Special-Use Domain Names presented in this document; this resolution
   process happens outside of the scope of DNS.  Leakage of requests to
   such domains to the global operational DNS can cause interception of
   traffic that might be misused to monitor, censor, or abuse the user's
   trust, and lead to privacy issues with potentially dramatic
   consequences for the user.

   Operation of said TLDs into the global DNS scope could as well
   produce conflicts [SAC45] due to later real use and the possible
   acquisition of intellectual property rights in such names.

   The reservation of several Top-Level Domain names for these purposes
   will minimize such confusion and conflict, and safety risks for
   users.

5.  IANA Considerations

   The P2P Name Systems domains listed below, and any domains falling
   within those domains are Special-Use Domain Names [RFC6761]:

      gnu.

      zkey.

      onion.

      exit.

      i2p.

      bit.

5.1.  Domain Name Reservation Considerations




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   The six domains listed above, and any names falling within those
   domains (e.g., "example.gnu.", "j6im4v42ur6dpic3.onion.", etc.) are
   special according to RFC 6761, section 5 [RFC6761], in the following
   ways:

   1.  Users MAY use these names as they would other domain names,
       entering them anywhere that they would otherwise enter a
       conventional DNS domain name, or a dotted decimal IPv4 address,
       or a literal IPv6 address.

       Since there is no central authority responsible for assigning
       dot-gnu and dot-i2p names, and that specific domain is local to
       the local peer, users SHOULD be aware of that specificity.

       Since there is no central authority responsible for assigning
       dot-b32-dot-i2p, dot-onion, and dot-zkey names, and those names
       match cryptographic keys, users SHOULD be aware that they don't
       belong to regular DNS, but are still global in their scope.

       In any case, resolution of the six proposed pTLDs is similar to
       the normal DNS resolution, and thus SHOULD NOT affect normal
       usage of most Internet applications.


   2.  Application Software MAY pass requests to any of the six proposed
       pTLDs for normal DNS resolution if A/AAAA records are desired.
       If available, the local DNS resolver MUST intercept such requests
       within the respective operating system hooks and behave like DNS.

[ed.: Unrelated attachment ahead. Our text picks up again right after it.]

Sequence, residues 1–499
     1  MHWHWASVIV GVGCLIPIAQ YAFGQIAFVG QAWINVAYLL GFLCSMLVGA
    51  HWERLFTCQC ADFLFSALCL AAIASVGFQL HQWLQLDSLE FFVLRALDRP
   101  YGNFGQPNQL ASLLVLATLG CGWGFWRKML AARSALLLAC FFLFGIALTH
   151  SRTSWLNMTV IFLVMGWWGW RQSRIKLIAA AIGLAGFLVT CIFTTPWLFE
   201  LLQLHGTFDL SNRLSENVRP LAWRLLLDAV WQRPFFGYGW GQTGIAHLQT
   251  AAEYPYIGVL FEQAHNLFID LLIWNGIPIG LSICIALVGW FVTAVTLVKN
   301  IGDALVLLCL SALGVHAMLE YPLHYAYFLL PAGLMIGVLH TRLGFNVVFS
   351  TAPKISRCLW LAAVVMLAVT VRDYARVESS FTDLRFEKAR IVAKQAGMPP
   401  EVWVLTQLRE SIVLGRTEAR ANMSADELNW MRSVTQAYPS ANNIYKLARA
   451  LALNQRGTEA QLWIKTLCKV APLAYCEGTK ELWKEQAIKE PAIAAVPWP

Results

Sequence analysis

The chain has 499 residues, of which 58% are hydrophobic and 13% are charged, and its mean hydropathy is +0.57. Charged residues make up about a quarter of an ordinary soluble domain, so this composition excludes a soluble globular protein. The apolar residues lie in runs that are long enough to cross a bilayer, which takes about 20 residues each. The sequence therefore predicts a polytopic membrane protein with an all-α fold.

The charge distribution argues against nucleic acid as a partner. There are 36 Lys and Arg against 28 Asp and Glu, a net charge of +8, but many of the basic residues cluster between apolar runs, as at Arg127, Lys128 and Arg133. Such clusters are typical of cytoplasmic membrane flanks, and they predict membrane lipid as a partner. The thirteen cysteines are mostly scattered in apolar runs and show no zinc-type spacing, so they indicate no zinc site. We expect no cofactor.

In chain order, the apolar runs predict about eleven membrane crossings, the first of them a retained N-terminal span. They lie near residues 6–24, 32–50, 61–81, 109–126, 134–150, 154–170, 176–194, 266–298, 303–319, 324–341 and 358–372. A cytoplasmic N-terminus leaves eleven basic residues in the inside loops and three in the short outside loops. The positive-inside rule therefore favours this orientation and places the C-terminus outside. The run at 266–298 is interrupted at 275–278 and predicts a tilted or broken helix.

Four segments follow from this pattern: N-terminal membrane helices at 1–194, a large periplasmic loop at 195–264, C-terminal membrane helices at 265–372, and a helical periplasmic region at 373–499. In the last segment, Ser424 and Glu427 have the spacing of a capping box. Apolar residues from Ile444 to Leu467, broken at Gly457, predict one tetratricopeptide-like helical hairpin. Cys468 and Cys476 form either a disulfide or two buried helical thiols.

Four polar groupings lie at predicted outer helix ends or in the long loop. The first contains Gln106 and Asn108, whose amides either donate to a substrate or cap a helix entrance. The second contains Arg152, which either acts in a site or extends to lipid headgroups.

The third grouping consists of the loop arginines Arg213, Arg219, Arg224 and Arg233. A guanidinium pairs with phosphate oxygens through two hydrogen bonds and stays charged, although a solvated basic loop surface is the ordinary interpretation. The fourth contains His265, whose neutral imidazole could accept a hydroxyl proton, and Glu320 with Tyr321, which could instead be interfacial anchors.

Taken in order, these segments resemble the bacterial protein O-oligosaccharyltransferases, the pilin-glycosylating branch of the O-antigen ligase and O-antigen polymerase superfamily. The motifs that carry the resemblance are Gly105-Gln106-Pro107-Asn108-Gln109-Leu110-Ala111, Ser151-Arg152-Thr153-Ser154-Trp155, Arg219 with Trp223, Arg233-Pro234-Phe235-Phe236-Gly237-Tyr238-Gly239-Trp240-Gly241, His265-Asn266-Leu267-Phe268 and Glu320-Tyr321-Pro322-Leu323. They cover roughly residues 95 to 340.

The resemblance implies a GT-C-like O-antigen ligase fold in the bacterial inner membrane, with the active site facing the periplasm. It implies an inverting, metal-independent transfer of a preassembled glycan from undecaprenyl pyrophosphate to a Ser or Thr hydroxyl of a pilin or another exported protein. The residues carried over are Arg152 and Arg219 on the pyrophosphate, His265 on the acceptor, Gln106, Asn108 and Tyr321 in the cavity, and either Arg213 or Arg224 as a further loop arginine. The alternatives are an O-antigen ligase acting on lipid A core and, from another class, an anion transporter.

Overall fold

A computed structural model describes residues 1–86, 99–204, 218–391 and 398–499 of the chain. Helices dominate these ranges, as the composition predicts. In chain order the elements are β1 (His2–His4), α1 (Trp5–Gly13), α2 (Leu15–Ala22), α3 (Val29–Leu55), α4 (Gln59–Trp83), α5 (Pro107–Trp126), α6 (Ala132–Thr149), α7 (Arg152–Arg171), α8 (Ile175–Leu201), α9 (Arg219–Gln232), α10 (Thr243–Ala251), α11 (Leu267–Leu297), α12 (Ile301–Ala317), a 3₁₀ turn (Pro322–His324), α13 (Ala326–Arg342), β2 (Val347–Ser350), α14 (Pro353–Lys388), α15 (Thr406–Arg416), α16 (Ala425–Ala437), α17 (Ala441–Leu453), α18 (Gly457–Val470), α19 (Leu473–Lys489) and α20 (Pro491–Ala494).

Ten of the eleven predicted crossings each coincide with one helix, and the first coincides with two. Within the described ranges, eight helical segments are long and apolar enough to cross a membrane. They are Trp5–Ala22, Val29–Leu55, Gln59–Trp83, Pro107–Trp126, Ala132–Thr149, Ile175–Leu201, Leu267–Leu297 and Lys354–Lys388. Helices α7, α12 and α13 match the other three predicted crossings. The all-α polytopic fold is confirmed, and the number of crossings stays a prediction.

However, P2P-aware application MAY choose to talk directly to the
       respective P2P resolver, and in the case of GNS and ".bit", use
       this to access additional record types that are not defined in
       DNS.

       As mentioned in points 4. and 5. below, regular DNS resolution is
       expected to respond with NXDOMAIN for five of the six proposed
       pTLDs.  Therefore, if it can differentiate between DNS and P2P
       name resolution, application software MAY expect such a response,
       and MAY choose to treat other responses from the DNS as errors.


   3.  For legacy applications and legacy name resolution APIs expecting
       DNS resolution, no changes are required.

       The ".onion" and ".i2p" pTLDs are typically accessed via HTTP or
       SOCKS proxies and do not define additional record types.

       However, Name Resolution APIs and Libraries MAY choose to support
       additional record types over time for the GNS and ".bit" names.



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       They MAY choose to directly resolve those domains via appropriate
       APIs or mechanisms such as GNS-specific resolution protocol, or
       blockchain-based resolution for dot-bit names.


   4.  If any request to one of the considered pTLDs, with the exception
       of ".bit" names, is sent to the global operational DNS, the only
       valid answer from DNS is NXDOMAIN.  Therefore, a caching DNS
       server MUST respond with NXDOMAIN in that case, and MAY choose to
       cache that response.

       But given that ".bit" users have no special privacy requirements,
       and those names are globally unique, caching DNS servers MAY
       choose to treat them as regular DNS names, and cache the
       responses obtained from the Namecoin block chain as if they were
       resolved from the regular DNS tree.


   5.  Authoritative DNS Servers are not expected to treat these TLDs
       specially.  In practice, they MUST answer with NXDOMAIN, as none
       of the considered pTLDs are normally available via global DNS
       resolution, and not doing so MAY put users' privacy at risk,
       e.g., as suggested in the next point.


   6.  DNS Server Operators MAY choose to resolve ".bit" names using the
       Namecoin block chain, and if they do so SHOULD treat such domains
       like they would regular DNS names.

       DNS Server Operators SHOULD treat requests to the other five
       considered pTLDs as typos, for correct installations MUST NOT